A species of butterfly found in Sub-Saharan Africa is able to migrate thousands of miles to Europe, crossing the Saharan Desert, in years when weather conditions are favorable, scientists have found. The striking Painted Lady (Vanessa cardui) butterfly has been shown for the first time to be capable of making the 12,000-14,000 km round trip — the longest insect migration known so far — in greater numbers, when wetter conditions in the desert help the plants on which it lays eggs. The international research team's findings increase understanding of how insects, including pollinators, pests and the diseases they carry could spread between continents in future as climate change alters seasonal conditions. Professor Tom Oliver, an ecologist at the University of Reading and co-author of the study, said: "We know that the number of Painted Lady butterflies in Europe varies wildly, sometimes with 100 times more from one year to the next. However, the conditions that caused this were unknown, and the suggestion the butterflies could cross the Sahara desert and oceans to reach Europe was not proven. "This research shows this unlikely journey is possible, and that certain climate conditions leading up to migration season have a big influence on the numbers that make it. It demonstrates how the wildlife we see in the UK can transcend national boundaries, and protecting such species requires strong international cooperation". As well as answering long-asked questions about butterfly migrations, the findings could help predictions of the movements of other insects that affect people, such as the locusts currently plaguing East Africa, or by malaria-carrying mosquitoes. Comment: Worst locust swarm in two decades moves on to devastate crops in South & Central Asia Professor Oliver said: "We enjoy seeing the beautiful Painted Lady butterflies in our gardens in Europe, but climate change will also lead to shifts in invasive species that are crop pests or those that spread diseases. Food shortages in East Africa are a reminder that the impacts of climate change can be much more dramatic than a few degrees of warming might first seem." https://www.sott.net/article/454501-Butterflies-cross-the-Sahara-in-longest-known-insect-migration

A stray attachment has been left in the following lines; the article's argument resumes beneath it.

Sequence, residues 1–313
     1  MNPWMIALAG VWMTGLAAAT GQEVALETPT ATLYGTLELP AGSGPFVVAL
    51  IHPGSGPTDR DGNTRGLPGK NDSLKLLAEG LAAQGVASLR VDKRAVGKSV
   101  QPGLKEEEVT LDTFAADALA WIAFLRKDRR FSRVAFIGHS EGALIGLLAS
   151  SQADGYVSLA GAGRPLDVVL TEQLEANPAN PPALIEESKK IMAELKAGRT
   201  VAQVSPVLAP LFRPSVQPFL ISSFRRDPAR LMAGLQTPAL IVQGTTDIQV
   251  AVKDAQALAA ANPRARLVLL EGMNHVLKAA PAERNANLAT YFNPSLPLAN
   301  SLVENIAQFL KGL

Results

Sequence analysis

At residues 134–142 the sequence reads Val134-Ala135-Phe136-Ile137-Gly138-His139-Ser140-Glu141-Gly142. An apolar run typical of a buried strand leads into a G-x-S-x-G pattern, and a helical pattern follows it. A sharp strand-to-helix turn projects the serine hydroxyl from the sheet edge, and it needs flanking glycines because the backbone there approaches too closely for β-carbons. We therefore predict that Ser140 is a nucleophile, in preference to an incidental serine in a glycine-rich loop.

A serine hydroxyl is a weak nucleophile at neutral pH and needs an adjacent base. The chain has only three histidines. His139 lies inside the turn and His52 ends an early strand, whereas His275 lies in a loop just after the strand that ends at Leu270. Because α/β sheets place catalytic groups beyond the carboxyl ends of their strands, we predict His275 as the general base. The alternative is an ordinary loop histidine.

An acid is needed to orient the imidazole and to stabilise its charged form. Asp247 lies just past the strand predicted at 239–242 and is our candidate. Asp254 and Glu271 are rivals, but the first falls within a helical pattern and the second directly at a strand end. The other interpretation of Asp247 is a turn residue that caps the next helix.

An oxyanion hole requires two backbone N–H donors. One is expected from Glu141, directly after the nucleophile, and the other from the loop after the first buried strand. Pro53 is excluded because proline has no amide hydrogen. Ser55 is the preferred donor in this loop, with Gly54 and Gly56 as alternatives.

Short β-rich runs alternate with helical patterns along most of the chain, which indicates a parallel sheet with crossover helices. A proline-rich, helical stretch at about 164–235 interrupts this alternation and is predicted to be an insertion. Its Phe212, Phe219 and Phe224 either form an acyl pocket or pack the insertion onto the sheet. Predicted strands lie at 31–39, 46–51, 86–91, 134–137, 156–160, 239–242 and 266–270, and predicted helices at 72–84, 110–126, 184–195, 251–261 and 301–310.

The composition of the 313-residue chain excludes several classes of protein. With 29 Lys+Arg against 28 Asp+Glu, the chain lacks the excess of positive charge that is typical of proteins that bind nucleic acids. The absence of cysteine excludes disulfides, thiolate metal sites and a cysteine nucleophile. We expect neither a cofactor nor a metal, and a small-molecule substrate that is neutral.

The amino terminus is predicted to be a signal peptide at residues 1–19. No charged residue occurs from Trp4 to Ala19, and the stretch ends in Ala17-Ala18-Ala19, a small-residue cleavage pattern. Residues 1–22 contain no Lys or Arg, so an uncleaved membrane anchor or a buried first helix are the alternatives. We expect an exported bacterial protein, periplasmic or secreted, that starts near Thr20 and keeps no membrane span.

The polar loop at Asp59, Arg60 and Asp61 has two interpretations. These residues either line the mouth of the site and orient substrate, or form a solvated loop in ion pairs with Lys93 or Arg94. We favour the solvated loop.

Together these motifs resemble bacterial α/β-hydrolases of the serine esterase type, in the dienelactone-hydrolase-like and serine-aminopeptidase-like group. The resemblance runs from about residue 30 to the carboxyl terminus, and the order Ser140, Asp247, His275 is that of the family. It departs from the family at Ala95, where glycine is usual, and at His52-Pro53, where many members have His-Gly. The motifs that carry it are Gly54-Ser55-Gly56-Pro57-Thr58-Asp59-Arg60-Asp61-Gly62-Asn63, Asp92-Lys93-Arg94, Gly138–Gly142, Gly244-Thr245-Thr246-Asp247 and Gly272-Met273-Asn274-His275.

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Researchers are starting to investigate the species that drive alpine algal blooms to better understand their causes and effects. Winter through spring, the French Alps are wrapped in austere white snow. But as spring turns to summer, the stoic slopes start to blush. Parts of the snow take on bright colors: deep red, rusty orange, lemonade pink. Locals call this "sang de glacier," or "glacier blood." Visitors sometimes go with "watermelon snow." In reality, these blushes come from an embarrassment of algae. In recent years, alpine habitats all over the world have experienced an uptick in snow algae blooms — dramatic, strangely hued aggregations of these normally invisible creatures. While snow algae blooms are poorly understood, that they are happening is probably not a good sign. Researchers have begun surveying the algae of the Alps to better grasp what species live there, how they survive and what might be pushing them over the bleeding edge. Some of their initial findings were published this week in Frontiers in Plant Science. Tiny yet powerful, the plantlike organisms we call algae are "the basis of all ecosystems," said Adeline Stewart, an author of the study who worked on it as a doctoral student at Grenoble Alpes University in France. Thanks to their photosynthetic prowess, algae produce a large amount of the world's oxygen, and form the foundation of most food webs. But they sometimes overdo it, multiplying until they throw things out of balance. This can cause toxic red tides, scummy freshwater blooms — or unsettling glacier blood. https://www.sott.net/article/454519-Glacier-blood-Watermelon-Snow-Whatever-its-called-snow-shouldnt-be-so-red